Employer's duty to give free medical, dental to workers


Under Article 163 of Book IV of the Labor Code of the Philippines, the rule one emergency medical and dental services states that it shall be the duty of every employer to furnish his employees in any locality with free medical and dental attendance and facilities consisting of:

(a) The services of a full-time registered nurse when the number of employees exceeds fifty (50) but not more than two hundred (200) except when the employer does not maintain hazardous workplaces, in which case the services of a graduate first-aider shall be provided for the protection of the workers, where no registered nurse is available. The Secretary of Labor shall provide by appropriate regulations the services that shall be required where the number of employees does not exceed fifty (50) and shall determine by appropriate order hazardous workplaces for purposes of Article 163;

(b) The services of a full-time registered nurse, a part-time physician and dentist, and an emergency clinic, when the number of employees exceeds two hundred (200) but not more than three hundred (300); and

(c) The services of a full-time physician, dentist and full-time registered nurse as well as a dental clinic, and an infirmary or emergency hospital with one bed capacity for every one hundred (100) employees when the number of employees exceeds three hundred (300).

In cases of hazardous workplaces, no employer shall engage the services of a physician or dentist who cannot stay in the premises of the establishment for at least two (2) hours, in the case of those engaged on part-time basis, and not less than eight (8) hours in the case of those employed on full-time basis. Where the undertaking is nonhazardous in nature, the physician and dentist may be engaged on retained basis, subject to such regulations as the Secretary of Labor may prescribe to insure immediate availability of medical and dental treatment and attendance in case of emergency.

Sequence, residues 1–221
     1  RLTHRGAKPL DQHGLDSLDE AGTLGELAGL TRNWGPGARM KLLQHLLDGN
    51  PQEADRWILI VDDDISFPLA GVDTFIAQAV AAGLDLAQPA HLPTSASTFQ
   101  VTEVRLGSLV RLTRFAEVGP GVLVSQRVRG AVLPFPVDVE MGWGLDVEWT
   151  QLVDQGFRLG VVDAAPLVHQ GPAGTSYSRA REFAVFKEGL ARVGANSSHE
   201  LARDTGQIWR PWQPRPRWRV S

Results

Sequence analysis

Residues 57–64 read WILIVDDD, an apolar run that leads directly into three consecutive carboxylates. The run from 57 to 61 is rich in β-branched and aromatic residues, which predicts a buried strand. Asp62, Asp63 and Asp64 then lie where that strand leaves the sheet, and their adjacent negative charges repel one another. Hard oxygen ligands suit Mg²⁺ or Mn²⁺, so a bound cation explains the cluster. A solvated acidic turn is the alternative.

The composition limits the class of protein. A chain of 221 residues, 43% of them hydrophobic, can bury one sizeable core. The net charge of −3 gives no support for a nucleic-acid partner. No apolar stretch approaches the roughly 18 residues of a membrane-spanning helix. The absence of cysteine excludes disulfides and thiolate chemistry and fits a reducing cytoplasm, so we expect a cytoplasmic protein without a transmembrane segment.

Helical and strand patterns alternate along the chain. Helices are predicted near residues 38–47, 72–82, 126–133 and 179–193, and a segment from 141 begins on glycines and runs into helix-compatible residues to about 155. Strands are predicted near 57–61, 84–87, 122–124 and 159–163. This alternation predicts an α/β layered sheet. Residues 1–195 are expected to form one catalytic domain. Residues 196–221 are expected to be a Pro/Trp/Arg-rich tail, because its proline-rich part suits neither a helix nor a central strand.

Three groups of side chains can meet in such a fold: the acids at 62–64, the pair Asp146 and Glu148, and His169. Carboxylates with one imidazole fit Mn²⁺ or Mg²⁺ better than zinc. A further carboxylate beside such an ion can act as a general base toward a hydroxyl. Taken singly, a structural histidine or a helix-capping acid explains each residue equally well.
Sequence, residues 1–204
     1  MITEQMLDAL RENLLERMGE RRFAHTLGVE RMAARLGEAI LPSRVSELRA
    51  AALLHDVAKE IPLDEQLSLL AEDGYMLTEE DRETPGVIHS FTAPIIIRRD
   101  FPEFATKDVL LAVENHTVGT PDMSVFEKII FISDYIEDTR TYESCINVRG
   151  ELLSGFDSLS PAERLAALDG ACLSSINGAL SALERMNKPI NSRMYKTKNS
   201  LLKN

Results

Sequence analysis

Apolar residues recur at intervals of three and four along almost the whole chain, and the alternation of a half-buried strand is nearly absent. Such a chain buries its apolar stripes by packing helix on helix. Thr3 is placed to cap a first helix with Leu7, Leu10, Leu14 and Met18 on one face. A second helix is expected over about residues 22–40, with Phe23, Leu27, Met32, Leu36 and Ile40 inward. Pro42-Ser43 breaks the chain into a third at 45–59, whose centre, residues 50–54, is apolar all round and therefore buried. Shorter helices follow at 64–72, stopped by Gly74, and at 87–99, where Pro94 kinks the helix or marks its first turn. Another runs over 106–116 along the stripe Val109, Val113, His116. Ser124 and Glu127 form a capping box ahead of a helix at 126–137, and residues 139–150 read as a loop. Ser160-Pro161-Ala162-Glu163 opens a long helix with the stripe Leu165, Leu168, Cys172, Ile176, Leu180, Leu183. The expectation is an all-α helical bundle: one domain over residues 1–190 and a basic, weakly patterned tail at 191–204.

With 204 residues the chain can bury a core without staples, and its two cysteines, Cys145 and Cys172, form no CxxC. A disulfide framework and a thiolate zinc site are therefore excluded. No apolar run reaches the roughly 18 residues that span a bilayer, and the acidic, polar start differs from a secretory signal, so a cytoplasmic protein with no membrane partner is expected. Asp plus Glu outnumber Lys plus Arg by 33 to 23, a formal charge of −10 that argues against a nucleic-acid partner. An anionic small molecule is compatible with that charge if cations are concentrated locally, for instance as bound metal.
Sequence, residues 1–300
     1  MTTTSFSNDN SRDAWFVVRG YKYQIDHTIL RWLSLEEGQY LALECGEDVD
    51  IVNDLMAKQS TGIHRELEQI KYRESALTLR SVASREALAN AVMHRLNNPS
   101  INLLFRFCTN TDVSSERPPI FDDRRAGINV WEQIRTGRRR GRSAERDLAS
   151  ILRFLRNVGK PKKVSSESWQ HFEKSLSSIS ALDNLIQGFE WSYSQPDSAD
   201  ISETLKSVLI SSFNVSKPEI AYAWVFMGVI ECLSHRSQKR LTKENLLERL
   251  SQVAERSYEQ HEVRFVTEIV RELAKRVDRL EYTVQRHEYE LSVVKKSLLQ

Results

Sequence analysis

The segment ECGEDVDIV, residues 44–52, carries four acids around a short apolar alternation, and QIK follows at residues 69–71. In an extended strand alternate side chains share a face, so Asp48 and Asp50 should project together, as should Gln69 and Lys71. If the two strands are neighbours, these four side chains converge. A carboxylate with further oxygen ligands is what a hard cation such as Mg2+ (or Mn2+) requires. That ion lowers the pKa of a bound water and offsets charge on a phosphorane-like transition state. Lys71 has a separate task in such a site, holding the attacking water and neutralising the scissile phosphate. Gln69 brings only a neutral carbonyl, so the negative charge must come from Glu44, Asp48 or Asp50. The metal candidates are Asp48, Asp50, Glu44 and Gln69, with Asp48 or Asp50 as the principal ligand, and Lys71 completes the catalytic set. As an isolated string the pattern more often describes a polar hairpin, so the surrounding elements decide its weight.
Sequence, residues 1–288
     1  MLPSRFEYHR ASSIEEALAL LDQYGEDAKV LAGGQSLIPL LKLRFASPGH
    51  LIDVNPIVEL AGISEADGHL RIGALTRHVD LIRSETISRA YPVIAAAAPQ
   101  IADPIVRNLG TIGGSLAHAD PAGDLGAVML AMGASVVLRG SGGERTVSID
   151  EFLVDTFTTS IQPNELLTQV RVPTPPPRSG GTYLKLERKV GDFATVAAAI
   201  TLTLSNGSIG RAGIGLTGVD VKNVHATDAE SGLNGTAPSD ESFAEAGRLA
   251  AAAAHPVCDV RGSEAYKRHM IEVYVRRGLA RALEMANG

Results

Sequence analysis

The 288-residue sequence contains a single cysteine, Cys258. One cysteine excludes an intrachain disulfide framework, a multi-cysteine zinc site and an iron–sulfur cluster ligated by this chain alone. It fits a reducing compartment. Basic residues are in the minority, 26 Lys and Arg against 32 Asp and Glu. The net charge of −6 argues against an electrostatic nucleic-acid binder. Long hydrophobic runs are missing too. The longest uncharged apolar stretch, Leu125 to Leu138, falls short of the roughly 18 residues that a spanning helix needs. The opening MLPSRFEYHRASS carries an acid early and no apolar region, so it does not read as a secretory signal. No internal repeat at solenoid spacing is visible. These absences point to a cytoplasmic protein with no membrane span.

The term "full-time physician" does not mean that medical practitioners so engaged be actually hired as employees. The term "full-time" in Article 163 cannot be construed as referring to the type of employment of the person engaged to provide the services.

The phrase "services of a full-time registered nurse" should thus be taken to refer to the kind of services that the nurse will render in the company's premises and to its employees, not the manner of his engagement.

Article 163 clearly allows employers in non-hazardous establishments to engage "on retained basis" the services of a dentist or physician. Nowhere does the law provide that the physician or dentist so engaged thereby becomes a regular employee. The phrase "on retained basis" negates the idea that this engagement necessarily gives rise to an employer-employee relationship. (G.R. NO. 157214, cited in Page 434 of Azucena, 2013)

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